A version of this was published in The Santa Fe New Mexican
January 7, 2011
The cover says it all. Right beside a sepia photo of a kid in a cowboy outfit, there’s a list of subjects that are covered on the first volume of a strange series of musical compilations called Twisted Tales From the Vinyl Wastelands:
“Cowboys. Indians. Prison. Alcohol. Children. Aliens. Midgets!” There’s also a warning: “Singing Children & Other Musical Crimes.”
Yep, my kind of music.
And indeed, in Twisted Tales you’ll find story songs, answer songs to popular hits of the day, and novelty songs. There are topical songs ripped from the headlines of the time and politically incorrect songs — some probably racist, or at least shockingly unenlightened. The tracks are full of sex.
But there are usually tragic consequences attached to lovemaking. It’s the same with liquor and drugs or being a hippie.
Each CD contains about 30 songs. The lion’s share of the artists are obscure — Dude Martin, Duke Mitchell, and Johnny Wildcard. However, there are a smattering of tunes by artists whose names you might recognize: Homer and Jethro, Faron Young, Benny Joy, Lee Hazlewood, and Freddie Hart — Spike Jones even makes an appearance on Volume 7.
Most of the tracks seem to come from the ’50s and ’60s, though some are from the ’70s and beyond.
You can’t find these at most places where CDs are sold. They are not on Amazon or iTunes or even eMusic. There’s no website for Trailer Park Records and no mailing address on the CDs themselves. But you can find them through the magic of eBay or on the British site No Hits Records. Here’s a look at all eight:
* Volume 1: Hog Tied & Country Fried. This is a wonderful introduction to the Twisted world. The promised aliens are here, starting with “The Martian Band” by Scottie Stoneman (Martians playing the autoharp?). There’s some sexist joy at the expense of women’s lib in Benny Johnson’s “Burn Your Bra,” while Kirk Hansard visits a “Nudist Colony.” Tommy Scott & Scotty Lee cast out devils with “Exorcism.” Hank Penny examines racism in “The Strong Black Man” (which owes a debt to Jimmy Dean’s “Big Bad John”).
And yes, there are singing children: Duane Williams, who chirps a weird tune called “The Devil Made Me Do It,” and Bill Moss Jr., who recites “When Teddy Bear Took His Last Ride,” a maudlin answer song to Red Sovine’s even more maudlin truck-driver hit.
* Volume 2: Demented Rock & Roll. These are long forgotten — if indeed ever known — records from rock’s infanthood. There are singing frogs and dancing pigs and even one for the Alamogordo chimps in “Missile Monkey.” There are also some questionable tunes about people from foreign lands, like “Tokyo Queen” by The Charlie Bop Trio and, even worse, “Chinese Rock ’n’ Roll” by Bobby Gregory. But at least one of the songs about Mexicans, “Pancho Rock,” is done by an actual Mexican American, the great Lalo Guerrero.
* Volume 3: Beatin’ on the Bars. Here we get crime songs and prison laments, a major subgenre of real country music. I’m not sure why executed California murderer Caryl Chessman struck such a chord with country musicians. He’s the title character of a song by a guy called “Country” Johnny Mathis and the inspiration for Jimmy Minor’s “Death Row.” But the most twisted tale here is Horace Heller’s “Ed’s Place,” a first-person confession of a double homicide of passion (“I didn’t mean to kill her. ... But I meant to kill him!”).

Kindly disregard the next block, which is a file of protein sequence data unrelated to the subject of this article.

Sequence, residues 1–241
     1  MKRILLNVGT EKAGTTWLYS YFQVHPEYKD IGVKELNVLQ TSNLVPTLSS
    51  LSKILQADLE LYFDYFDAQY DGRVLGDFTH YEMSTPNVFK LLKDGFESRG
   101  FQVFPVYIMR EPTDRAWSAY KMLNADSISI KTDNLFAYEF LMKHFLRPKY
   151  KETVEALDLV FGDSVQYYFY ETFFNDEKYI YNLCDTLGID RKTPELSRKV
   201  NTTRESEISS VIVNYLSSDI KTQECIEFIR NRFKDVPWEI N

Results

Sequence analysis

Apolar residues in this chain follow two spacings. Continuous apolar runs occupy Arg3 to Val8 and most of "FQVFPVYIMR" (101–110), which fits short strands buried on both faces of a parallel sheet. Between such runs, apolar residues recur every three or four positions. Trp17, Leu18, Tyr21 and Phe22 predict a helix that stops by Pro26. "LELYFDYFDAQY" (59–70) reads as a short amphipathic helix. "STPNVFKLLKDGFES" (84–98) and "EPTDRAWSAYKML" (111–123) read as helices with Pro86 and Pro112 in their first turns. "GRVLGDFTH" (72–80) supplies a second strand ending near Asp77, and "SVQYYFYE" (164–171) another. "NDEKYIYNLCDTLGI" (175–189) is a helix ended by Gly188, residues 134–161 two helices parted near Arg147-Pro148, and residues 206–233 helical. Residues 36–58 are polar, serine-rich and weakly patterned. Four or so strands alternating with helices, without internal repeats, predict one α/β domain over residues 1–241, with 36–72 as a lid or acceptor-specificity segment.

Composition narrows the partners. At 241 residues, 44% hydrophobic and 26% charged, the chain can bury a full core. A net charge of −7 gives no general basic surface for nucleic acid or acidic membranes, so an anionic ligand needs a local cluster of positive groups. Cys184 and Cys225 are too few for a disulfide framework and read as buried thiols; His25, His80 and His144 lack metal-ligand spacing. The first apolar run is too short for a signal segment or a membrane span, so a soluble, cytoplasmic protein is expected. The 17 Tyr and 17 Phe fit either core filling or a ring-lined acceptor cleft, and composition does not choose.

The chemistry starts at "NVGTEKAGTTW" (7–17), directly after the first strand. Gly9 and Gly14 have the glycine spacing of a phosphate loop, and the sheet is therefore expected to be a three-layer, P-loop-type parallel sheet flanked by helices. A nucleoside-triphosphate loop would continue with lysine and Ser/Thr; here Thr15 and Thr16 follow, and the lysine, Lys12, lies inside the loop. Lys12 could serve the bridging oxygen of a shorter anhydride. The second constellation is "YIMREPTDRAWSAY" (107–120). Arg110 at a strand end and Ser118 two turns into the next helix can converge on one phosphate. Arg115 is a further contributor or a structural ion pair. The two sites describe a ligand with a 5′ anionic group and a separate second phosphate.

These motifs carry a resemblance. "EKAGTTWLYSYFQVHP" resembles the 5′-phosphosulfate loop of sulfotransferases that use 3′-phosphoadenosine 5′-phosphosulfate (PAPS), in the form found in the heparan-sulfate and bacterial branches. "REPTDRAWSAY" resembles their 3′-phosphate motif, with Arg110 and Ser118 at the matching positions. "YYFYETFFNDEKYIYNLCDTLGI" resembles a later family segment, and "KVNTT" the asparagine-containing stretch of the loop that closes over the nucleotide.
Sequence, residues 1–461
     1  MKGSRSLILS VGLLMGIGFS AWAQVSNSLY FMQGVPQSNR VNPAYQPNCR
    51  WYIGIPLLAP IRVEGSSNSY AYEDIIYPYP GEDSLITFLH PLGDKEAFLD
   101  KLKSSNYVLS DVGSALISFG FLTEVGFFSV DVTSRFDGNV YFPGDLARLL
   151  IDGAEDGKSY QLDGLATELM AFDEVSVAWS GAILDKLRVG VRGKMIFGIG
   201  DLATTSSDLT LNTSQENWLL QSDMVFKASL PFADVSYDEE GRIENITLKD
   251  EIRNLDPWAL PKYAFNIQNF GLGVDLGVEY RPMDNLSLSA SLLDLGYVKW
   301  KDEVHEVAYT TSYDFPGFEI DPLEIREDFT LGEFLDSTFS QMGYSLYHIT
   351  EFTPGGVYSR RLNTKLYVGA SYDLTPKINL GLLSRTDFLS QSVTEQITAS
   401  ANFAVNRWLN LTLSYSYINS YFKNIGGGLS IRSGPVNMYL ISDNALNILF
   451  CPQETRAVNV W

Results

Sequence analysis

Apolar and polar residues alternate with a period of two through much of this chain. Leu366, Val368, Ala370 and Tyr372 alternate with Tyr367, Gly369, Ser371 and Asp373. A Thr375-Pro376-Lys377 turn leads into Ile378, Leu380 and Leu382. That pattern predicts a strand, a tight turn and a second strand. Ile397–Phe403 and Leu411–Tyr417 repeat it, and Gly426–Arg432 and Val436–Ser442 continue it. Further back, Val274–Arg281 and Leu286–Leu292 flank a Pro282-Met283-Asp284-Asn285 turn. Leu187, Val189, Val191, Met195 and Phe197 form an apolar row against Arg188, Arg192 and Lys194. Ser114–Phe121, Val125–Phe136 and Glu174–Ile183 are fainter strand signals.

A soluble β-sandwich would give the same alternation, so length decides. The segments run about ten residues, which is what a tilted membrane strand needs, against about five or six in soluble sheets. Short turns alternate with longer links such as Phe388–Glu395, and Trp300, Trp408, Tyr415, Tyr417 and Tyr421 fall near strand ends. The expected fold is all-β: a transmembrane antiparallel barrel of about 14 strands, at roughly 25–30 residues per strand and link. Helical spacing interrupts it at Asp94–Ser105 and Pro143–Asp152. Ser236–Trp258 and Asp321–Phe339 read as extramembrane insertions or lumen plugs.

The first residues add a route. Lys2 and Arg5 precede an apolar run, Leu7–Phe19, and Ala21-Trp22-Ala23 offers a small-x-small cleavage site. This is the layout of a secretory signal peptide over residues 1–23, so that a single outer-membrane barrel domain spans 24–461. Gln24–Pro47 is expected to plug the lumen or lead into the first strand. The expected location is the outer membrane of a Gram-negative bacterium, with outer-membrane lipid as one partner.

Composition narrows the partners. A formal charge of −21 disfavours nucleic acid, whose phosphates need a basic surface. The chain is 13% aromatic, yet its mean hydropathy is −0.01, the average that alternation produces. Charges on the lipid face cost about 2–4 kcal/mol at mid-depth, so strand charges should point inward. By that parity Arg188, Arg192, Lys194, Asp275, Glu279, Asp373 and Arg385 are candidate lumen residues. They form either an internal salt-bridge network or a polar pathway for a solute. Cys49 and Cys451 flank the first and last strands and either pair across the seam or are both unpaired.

* Volume 4: Hippie in a Blunder. Hippies had a lot of the country worried in the late ’60s, with all their protesting, long hair, drugs, and love-ins. The title song by Johnny Bucket makes fun of hippies’ appearance and stupidity, but I prefer Smokey Harless’ “A Place for Them Called Hell,” because he’s not just bemused by the longhairs, he’s pig-bitin’ mad.
There are lots of drug songs on this collection — psychedelic cautionary tales, such as ”LSD” by Wendell Austin, and reefer- madness tunes like “Marijuana, the Devil’s Flower” by Johnny Price.
* Volume 5: Last Kiss of the Drunken Driver. If you’re a fan of “Teen Angel,” “Tell Laura I Love Her,” and all those classic teenage-death songs of the ’50s and early ’60s, this volume is for you. It’s full of fiery car crashes and other tragedies. Most are unintentionally hilarious in their earnestness. But there’s black humor too, such as Jimmy Cross’ “I Want My Baby Back” and Louie Innis’ “Suicide.”
And “Teddy Bear” is back. There’s a cover of the original Sovine hit by Hank Hill — yes, that Hank Hill — and “Teddy Bear’s Epitaph” by John Texas Rocker. Sovine himself shows up with “The Hero,” a tearful tribute to John Wayne.
* Volume 7: Elvis Reese’s Peanut Butter & Banana Creme. This one’s all over the place. Al Hendrix sings about his after-shave. Bad impersonators of U.S. Sens. Robert Kennedy and Everett Dirksen sing a duet on Donovan’s “Mellow Yellow.” Wendy Powers makes strange noises on “Auctioneer Lover.” Billy Ledbetter’s “Stealing Hubcaps” sounds like a juvenile-delinquent version of Amos & Andy.
There are more songs with Asian stereotypes here — “Rockin’ China Doll” by Gene Ross, “Japanese Skokiaan” by Spike Jones, and “Cholly Oop,” which is offensive to Chinese people as well as to cavemen.
But the most disturbing song is Cousin Zeke’s “Lover Man Minus Sex Appeal.” Let’s just say he looses his sex appeal in a surprising way.
Twisted Enchilada: My latest episode of The Big Enchilada podcast includes a 20-minute sampler of songs from Twisted Tales From the Vinyl Wastelands. And I’ll play some Twisted songs Friday night on The Santa Fe Opry, KSFR-FM 101.1, starting at 10 p.m.
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